You see, I think you were meant to be. You were meant to be ours. You are the final piece to this family puzzle we've created. And, you will be giving ME something back that I didn't get to experience with Jayce. Something I've been longing for.  I'll get to experience (God willing) a beautiful delivery, a family suite where people will visit and hug and kiss on you, bringing you home to meet your brothers when you are just days old, late-night feeds (helpfully I'll be able to nurse) and snuggles. I'll be able to watch you grow and learn without fear. I'll take you in and bond with you instantly. I know I will. I have to. This is my chance to experience a new life all over again and I feel so blessed that I have this opportunity. I will not let you (or me) down.

Now, I am almost 20 weeks pregnant. Almost half-way there. I feel you move ALL THE TIME and it's like experiencing it for the first time. Maybe it's because I'm older. Maybe it's because of all that I experienced with Jayce, but whatever it is, I am taking this all in. I'm noticing everything. I'm enjoying watching my body change and grow and I'm loving knowing that you're in there. I don't take it for granted. Not one day.

Please know, that even though you were our surprise, you were completely planned for. I cannot wait to meet you! I pray every day (and have an entire calvary praying right along with me) that everything will be ok. See you soon, little one...

Thursday, November 13, 2014

Toddler Beds Rock! No. They don't.

So, here's a good "Mom" question. Do you have one child who really rocks at something and another child who really sucks at it? I do! Ok. That doesn't sound very nice. Let me explain...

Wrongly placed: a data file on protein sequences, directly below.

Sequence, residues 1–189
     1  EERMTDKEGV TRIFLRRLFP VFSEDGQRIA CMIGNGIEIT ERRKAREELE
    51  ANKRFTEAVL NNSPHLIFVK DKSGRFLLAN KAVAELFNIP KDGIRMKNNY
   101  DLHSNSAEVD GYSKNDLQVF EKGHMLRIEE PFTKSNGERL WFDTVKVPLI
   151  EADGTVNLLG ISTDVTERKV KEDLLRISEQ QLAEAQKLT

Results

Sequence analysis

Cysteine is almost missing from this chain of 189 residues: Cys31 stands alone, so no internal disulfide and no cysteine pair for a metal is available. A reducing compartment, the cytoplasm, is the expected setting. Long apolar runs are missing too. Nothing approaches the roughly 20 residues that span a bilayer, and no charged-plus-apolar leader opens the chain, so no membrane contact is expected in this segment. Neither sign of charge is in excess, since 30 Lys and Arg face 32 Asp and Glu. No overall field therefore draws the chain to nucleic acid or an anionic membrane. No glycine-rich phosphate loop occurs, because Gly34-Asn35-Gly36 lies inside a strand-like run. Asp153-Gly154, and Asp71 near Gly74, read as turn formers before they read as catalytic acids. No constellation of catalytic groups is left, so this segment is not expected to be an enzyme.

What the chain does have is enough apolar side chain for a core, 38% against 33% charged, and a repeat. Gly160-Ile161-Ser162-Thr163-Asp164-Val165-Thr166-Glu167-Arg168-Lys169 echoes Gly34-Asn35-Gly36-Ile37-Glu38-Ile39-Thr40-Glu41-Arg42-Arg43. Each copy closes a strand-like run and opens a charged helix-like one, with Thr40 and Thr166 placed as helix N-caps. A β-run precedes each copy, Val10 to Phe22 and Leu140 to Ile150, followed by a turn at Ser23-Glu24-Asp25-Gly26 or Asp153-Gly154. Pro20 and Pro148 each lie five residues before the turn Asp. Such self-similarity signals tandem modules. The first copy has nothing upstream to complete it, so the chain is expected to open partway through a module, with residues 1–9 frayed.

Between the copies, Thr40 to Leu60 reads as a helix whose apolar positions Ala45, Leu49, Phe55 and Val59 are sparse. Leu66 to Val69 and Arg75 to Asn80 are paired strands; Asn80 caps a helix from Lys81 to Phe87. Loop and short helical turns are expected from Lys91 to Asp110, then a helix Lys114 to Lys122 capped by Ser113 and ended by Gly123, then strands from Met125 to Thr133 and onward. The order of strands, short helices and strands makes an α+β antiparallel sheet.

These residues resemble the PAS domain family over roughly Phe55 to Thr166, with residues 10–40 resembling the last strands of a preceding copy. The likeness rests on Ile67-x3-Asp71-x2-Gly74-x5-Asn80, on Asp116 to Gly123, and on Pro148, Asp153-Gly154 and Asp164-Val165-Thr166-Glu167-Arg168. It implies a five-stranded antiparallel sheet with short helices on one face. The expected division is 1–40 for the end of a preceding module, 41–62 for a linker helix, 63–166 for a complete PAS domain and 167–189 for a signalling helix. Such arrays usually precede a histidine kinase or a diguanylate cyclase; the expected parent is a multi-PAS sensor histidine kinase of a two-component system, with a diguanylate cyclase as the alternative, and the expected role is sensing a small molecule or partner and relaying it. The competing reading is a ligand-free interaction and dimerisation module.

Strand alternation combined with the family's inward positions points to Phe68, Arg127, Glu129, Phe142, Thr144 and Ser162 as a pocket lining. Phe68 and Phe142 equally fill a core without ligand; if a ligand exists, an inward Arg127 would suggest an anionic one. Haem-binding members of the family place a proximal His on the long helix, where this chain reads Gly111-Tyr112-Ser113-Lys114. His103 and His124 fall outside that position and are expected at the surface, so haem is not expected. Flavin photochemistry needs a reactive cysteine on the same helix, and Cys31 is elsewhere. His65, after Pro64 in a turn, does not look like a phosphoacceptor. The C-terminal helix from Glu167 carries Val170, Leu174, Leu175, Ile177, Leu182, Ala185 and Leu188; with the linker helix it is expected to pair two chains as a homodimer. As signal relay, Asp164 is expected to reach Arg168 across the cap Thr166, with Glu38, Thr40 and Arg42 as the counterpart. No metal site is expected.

It seems like everything that was "easy" about Wil is super hard with Jayce. For example, Wil was the EASIEST baby ever! Slept through the night (seriously, like 12 straight hours) by 3 months old, never cried unless he was hungry, woke up with a mouthful of teeth (ok, maybe not, but I never noticed the new ones coming in because he NEVER cried or fussed about them), traveled like a pro (we took him to Cedar Rapids, IA at 10 weeks old to visit his Great Grandpa - an almost 4 hour trip - and he was a peach), eats EVERYTHING IN SIGHT, and transitioned to the toddler bed TWIN bed with ease (he NEVER got out, just would call my name when he was ready to wake up).

All of those things.... Jayce completely sucks at! I'm sorry. But, it's true! He just sucks at them! He was the world's hardest baby - Had colic (serious, legit colic) until 6 months old, didn't sleep through the night until like 18 months old, was a horrible "teether", hated the car until he was faced forward shortly after his first birthday (even now there are times when he's a whiney, fussy, punk!). He doesn't eat. Hardly at all! He won't try ANYTHING new and basically only eats yogurt, cheese, crackers, some fruit and some meats. That's it. 

Annnnnnd, the transition to big boy bed has sucked. It has completely sucked! 

He thought it was a great idea. He loved the idea of it really, but he also loved the fact that he could get out of bed, which sucked. For me. 
The lady who NEEDS at least 8 consecutive hours of sleep each night or I cry. 
I do. I seriously cry. 
A lot.
He's pretending to be "sleeping" in this picture after I busted him.